Lowering the Bar

This past Sunday evening, my friend hosted a little gathering at her house. It was a fall harvest party with chili and cornbread provided and everyone was asked to bring a side. I had the best laid plans to make a side from scratch – but life happened instead.

Justin worked long days last week so Friday night we laid low and enjoyed a slow evening at home with our little family. On Saturday, my parents came into town to spend time with LJ and watched him while Justin and I went to a friend’s 30th birthday dinner. Dinner and cake evolved into hanging out all evening with our friends and a spontaneous trip to play laser tag that had us coming back home at midnight, sweaty and exhausted (it was SO worth it though)! Then Sunday my parents joined us for church and lunch and after they left I spent the afternoon playing with LJ and ignoring my laundry during his nap time so I could cozy up with a book and recharge for the week ahead.

So instead of carving out time to prepare for and make a side from scratch, I spent my energy soaking up memories and restoring my body and mind. Instead of a homemade side, I took store-bought cookies, hummus and pretzels.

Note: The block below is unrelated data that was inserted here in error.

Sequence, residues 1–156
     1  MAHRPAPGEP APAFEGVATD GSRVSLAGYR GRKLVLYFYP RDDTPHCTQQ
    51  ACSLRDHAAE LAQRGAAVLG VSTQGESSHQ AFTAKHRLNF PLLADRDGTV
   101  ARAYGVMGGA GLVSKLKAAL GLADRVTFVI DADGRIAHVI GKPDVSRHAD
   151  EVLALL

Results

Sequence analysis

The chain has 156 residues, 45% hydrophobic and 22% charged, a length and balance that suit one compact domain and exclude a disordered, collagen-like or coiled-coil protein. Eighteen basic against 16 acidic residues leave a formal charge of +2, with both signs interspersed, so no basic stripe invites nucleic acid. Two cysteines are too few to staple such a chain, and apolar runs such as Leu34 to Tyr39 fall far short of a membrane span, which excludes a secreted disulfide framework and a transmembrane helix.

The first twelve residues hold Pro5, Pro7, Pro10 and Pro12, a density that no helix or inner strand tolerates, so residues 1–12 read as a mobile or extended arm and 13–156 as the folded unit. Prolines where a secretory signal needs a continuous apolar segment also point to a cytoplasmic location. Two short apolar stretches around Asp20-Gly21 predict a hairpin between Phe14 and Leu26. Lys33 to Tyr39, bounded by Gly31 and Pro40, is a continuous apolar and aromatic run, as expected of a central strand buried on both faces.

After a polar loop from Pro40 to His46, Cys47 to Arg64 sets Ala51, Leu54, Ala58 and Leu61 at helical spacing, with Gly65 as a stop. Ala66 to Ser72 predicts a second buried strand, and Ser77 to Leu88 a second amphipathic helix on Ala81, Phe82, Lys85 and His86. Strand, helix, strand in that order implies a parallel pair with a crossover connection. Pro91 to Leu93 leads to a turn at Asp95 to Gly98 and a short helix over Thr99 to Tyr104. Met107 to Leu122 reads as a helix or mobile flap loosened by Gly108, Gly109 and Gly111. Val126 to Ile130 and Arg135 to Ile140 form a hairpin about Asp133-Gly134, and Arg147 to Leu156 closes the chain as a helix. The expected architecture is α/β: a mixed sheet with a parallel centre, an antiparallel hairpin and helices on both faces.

I showed up to the party with my tote full of Aldi purchases and made a self-deprecating joke about my abandoned “make something from scratch” plans. Everyone laughed because apparently, they all did the same thing! Every other person had also brought something from the store. We all had the intention to make something from scratch, and then we all ended up stopping by the store on the way to the party instead.

The point of this little story is that sometimes I think the best thing we can do for ourselves in simplifying life’s chaos is to lower the bar. We had a great time hanging out on Sunday night and no one thought twice about the fact that most of the food got picked up on the way to the party. It didn’t matter at all that the cookies were store-bought instead of homemade.

I’ve mentioned before that I am a huge fan of the “Happier” podcast and one phrase they often repeat is “don’t let the perfect be the enemy of the good.” This phrase has become a mantra for me ever since I first heard it. I only have so many hours in the day. I can spend them stressing about making everything perfect, or I can lower the bar. This doesn’t mean that I suddenly don’t have any standards and have stopped caring about things. It just means that I find ways to accept when something is good enough so I don’t spend further time and energy to make it 100% perfect.

I could have made a homemade side. I enjoy cooking and baking and often show up to a party with something I made from scratch. But a store-bought side serves the same purpose and is just as good of an option and in this instance, that was what I went with. I was so much happier and less stressed with choosing this option and no one cared that my contribution was store-bought.

If there is some area of your life where you find yourself stressed out over making perfect, I hope this encourages you to lower the bar. It is okay to want to do things well, but it’s also okay to loosen your expectations. It is okay to find satisfaction in the “good” option instead of the “perfect” one. Don’t let the perfect be the enemy of the good!

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